In high school, pre-pandemic, Maricela Alaniz would be so anxious at the thought of interacting with others that she would avoid the grocery store entirely. Her experiences at San Diego State University allowed her to reinvent herself, someone who confidently doles out the advice: “Just talk to people, you never know what that person has done or what they can help you with.”
Initially wary of SDSU’s reputation as being a very social and “rambunctious” school, attending a reception for the Weber Honors College helped Alaniz envision a new life outside of her home state of New Mexico. The honors students, like her, prioritized academics and were excited to study abroad. “I fit in, these are my people,” the biology major said.
Once on campus, she gradually mustered enough courage to attend meetings for the Marine Ecology and Biology Student Association (MEBSA), where she was often the only first-year student in a sea of upper division and graduate students.
“It was really intimidating, but I knew it was where I needed to be,” Alaniz said.
Meet the Beetles
Students in the club encouraged her to get involved in research. A flyer to join ecologist Nick Barber’s community ecology lab, featuring a prominent image of a metallic blue, six-spotted tiger beetle, recurrently caught her eye on Canvas pages and bulletin boards, so she decided to apply. Then an email came through to set up an interview the next morning.
“I don’t know how to do research, but I’m just going to do the interview,” Alaniz thought to herself, nervous to talk about her interests in ecosystems for the first time.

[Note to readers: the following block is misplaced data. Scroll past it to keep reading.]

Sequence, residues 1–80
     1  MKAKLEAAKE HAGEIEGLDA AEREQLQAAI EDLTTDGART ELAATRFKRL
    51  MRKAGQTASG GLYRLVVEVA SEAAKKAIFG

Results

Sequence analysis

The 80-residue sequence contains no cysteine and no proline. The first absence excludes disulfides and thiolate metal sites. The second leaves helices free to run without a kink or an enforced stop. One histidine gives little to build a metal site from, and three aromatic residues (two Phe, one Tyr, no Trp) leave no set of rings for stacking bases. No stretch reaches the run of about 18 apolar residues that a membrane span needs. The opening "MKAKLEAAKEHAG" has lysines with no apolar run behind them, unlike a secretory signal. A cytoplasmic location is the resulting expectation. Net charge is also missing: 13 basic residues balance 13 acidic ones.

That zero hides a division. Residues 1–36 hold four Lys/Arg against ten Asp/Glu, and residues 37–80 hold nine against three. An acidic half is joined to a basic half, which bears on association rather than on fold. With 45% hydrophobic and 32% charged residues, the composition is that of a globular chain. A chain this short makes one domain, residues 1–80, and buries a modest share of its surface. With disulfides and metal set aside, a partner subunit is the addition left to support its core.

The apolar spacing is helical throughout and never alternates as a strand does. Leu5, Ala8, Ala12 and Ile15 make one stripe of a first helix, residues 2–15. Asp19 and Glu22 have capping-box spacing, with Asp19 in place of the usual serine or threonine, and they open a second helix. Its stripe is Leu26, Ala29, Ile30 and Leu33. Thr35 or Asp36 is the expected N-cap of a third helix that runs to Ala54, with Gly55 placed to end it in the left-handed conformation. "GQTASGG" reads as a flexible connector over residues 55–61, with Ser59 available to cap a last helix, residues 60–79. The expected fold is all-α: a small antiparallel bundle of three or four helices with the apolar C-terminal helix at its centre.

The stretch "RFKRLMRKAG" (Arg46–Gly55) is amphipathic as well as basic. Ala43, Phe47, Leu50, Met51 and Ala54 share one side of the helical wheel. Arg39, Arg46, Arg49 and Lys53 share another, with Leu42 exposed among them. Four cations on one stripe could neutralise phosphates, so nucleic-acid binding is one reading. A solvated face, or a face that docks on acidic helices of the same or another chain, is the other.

A few weeks later, Alaniz was integrating into Barber’s lab as one of just a few undergraduate assistants, categorizing beetle specimens and reading research papers.
“As she moved into her sophomore year, she had learned to advocate for herself and was finding her grownup feet,” said Karen Alaniz, Maricela’s mother. “She was just finding her voice and rhythm when the world shut down.”
Due to COVID-19, the young researcher moved back home to New Mexico, but she was still able to participate in a research experience for undergraduates (REU) remotely. Her skills at identifying insects helped her analyze data about how drought affected large bug populations in Puerto Rico.
“I wouldn’t be where I am now without the REU,” Alaniz said. “They’re game changers.”
But she was dissatisfied with not knowing how her findings would be implemented into conservation, policy and action.
Hope for the Future
“The idea of how my research, if it could impact something or be added to policy or management or save our planet in some way, that makes me happy.” Alaniz said. “That’s something I want to incorporate into my future: how to reach out to people outside of ecology and tell them how the research is meaningful.”
This summer, Alaniz will be presenting agricultural research to government officials, scientists, and farmers before taking a gap year to apply for Ph.D. programs and partake in a community science cruise to Antarctica with a boatload of strangers.
“It’s been exciting to see how Maricela has taken what she’s learned as a biology student, her experiences, and her achievements, and grown as a scientist. At the same time, she has been a role model for other students in the lab,” said Barber, the SDSU professor and Alaniz’s mentor.
“Maricela entered college shy, scared and not self-reliant,” Alaniz’s mother said, “and is leaving SDSU an independent, hard-working woman with a voice and a direction who understands empathy and still knows how to and when to ask for help. She has become exactly the person she wanted to be.”